Whether by sword, axe or guillotine, death by beheading was historically considered the most humane form of death sentence—as long as the executioner was swift, strong and good at hitting his mark. While the practice was never legally supported in the United States, we do give the method a nod in this country whenever we use the term "capital punishment"; the word "capital" is derived from the Latin "capitalis," which translates to "of the head." Here are some of the most famous victims of this gruesome form of execution.
Vasco Núñez de Balboa
St. John the Baptist
Military Leader, Royalty / 1270 - 1305
William Wallace, a Scottish knight, became a central early figure in the wars to secure Scottish freedom from the English, becoming one of his country's greatest national heroes.
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profile name: Louis XVI profile occupation: King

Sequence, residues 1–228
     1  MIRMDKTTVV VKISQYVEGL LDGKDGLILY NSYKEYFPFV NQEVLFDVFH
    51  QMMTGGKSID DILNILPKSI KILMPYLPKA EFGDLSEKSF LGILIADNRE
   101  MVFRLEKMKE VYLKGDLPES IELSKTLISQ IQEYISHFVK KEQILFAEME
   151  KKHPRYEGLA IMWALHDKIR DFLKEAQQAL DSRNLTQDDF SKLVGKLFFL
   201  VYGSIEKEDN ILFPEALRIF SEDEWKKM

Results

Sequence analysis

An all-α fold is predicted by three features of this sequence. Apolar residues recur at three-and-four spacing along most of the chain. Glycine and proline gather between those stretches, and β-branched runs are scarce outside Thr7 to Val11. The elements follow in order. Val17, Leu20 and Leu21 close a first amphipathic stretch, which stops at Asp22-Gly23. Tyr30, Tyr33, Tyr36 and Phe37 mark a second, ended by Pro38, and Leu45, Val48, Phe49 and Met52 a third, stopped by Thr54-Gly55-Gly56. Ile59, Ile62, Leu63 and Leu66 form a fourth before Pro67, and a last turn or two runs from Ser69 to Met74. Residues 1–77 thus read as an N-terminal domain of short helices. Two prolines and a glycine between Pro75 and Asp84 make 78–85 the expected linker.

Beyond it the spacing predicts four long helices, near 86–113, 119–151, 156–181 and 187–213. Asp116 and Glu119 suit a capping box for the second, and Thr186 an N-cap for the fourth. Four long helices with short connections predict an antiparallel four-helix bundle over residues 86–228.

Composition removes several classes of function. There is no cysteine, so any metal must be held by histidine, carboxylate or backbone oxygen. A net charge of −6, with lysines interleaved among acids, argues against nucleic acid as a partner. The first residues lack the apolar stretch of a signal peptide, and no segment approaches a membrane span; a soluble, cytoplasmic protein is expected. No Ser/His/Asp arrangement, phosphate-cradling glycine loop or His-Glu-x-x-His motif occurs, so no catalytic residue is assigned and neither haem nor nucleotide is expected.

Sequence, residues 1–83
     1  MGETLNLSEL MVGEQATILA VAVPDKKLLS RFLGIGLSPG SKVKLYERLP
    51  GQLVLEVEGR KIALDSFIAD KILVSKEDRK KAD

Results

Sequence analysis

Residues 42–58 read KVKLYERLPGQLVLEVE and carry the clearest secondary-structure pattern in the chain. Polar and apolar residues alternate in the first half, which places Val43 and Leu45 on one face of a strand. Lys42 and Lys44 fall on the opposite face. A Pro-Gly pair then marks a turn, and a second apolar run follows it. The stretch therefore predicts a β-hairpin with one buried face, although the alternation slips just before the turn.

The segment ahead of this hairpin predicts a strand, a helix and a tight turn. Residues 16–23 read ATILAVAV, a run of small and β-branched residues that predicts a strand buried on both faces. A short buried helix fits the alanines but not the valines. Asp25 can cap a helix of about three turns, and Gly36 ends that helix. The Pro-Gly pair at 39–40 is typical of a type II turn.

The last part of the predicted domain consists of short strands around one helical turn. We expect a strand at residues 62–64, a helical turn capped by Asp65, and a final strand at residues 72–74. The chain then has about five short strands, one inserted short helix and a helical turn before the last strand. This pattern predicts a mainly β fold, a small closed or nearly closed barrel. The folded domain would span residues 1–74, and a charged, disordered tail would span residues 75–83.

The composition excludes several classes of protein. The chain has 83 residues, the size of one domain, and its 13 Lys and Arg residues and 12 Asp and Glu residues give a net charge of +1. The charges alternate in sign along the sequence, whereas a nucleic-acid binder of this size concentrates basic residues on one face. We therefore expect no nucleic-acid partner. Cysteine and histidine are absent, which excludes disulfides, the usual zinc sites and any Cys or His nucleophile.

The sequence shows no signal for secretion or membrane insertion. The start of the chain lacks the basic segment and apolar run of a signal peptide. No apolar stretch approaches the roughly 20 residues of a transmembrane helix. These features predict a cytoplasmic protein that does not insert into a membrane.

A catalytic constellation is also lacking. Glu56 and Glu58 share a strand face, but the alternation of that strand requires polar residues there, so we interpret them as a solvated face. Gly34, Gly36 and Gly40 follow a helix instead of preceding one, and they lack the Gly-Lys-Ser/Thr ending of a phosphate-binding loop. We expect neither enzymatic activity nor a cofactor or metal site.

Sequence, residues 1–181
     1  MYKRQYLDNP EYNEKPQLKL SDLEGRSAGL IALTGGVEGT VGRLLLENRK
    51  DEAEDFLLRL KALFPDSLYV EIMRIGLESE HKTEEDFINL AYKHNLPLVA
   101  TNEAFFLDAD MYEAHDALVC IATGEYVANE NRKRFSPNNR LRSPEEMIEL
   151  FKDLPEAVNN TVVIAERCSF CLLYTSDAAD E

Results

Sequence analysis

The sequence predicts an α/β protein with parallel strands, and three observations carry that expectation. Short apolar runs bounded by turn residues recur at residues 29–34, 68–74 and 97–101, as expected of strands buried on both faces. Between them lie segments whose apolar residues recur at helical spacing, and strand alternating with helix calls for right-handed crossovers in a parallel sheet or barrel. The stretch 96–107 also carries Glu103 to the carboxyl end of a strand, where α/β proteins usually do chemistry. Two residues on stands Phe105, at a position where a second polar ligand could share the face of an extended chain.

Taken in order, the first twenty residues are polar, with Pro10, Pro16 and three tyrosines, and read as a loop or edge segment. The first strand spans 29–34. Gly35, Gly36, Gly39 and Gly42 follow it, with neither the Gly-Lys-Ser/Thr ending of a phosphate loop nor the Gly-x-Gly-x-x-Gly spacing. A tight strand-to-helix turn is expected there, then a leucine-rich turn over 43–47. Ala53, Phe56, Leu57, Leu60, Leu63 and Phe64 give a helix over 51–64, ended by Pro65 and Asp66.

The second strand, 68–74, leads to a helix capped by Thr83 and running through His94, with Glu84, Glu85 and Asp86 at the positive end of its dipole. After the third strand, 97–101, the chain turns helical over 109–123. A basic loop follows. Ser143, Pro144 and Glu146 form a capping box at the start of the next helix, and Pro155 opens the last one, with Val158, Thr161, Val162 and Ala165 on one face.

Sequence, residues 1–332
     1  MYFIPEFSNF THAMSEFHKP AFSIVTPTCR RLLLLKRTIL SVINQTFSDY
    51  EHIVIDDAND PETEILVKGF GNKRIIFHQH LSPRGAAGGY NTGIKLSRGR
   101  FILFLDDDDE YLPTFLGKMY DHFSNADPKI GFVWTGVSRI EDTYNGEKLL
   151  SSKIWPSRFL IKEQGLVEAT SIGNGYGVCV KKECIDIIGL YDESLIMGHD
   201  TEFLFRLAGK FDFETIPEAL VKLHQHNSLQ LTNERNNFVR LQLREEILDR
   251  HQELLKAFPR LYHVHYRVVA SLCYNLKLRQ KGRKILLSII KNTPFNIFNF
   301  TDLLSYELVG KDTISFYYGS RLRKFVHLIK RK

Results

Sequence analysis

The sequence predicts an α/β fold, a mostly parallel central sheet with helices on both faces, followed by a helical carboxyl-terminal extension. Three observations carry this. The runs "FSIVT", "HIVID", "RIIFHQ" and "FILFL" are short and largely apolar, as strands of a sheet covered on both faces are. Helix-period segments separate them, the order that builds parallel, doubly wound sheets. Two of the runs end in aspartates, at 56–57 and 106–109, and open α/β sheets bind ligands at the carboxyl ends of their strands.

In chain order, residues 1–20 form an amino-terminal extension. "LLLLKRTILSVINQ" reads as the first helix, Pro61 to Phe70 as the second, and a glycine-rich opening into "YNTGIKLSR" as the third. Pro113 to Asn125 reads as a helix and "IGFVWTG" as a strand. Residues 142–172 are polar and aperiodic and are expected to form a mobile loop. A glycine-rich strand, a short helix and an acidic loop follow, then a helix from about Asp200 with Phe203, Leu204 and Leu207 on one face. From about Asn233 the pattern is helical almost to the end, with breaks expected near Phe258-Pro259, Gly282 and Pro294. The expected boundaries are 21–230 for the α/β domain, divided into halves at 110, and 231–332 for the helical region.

profile id: 9196350
profile name: Vasco Núñez de Balboa profile occupation: Explorer
profile id: 17169742
profile name: Peter Kurten profile occupation: Serial Killer
profile id: 9218155
profile name: Anne Boleyn profile occupation: Queen
profile id: 9355623
profile name: St. John the Baptist profile occupation: Preacher, Prophet, Saint
profile id: 9522479
profile name: William Wallace profile occupation: Military Leader, Royalty
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George Burns met Gracie Allen in 1922, and they married in 1926. Their highly successful vaudeville act featured George as the straight man to Gracie's zany antics. The couple created its best-known sketch for radio, a situation comedy starring themselves as a working show-business couple. They carried the format to television in 1948, including next-door neighbors Harry and Blanche Morton, Gracie's infamous illogical logic, and the signature "Say goodnight, Gracie" at the show's close. The duo also made films, including an Oscar-nominated turn in A Damsel in Distress with Fred Astaire.
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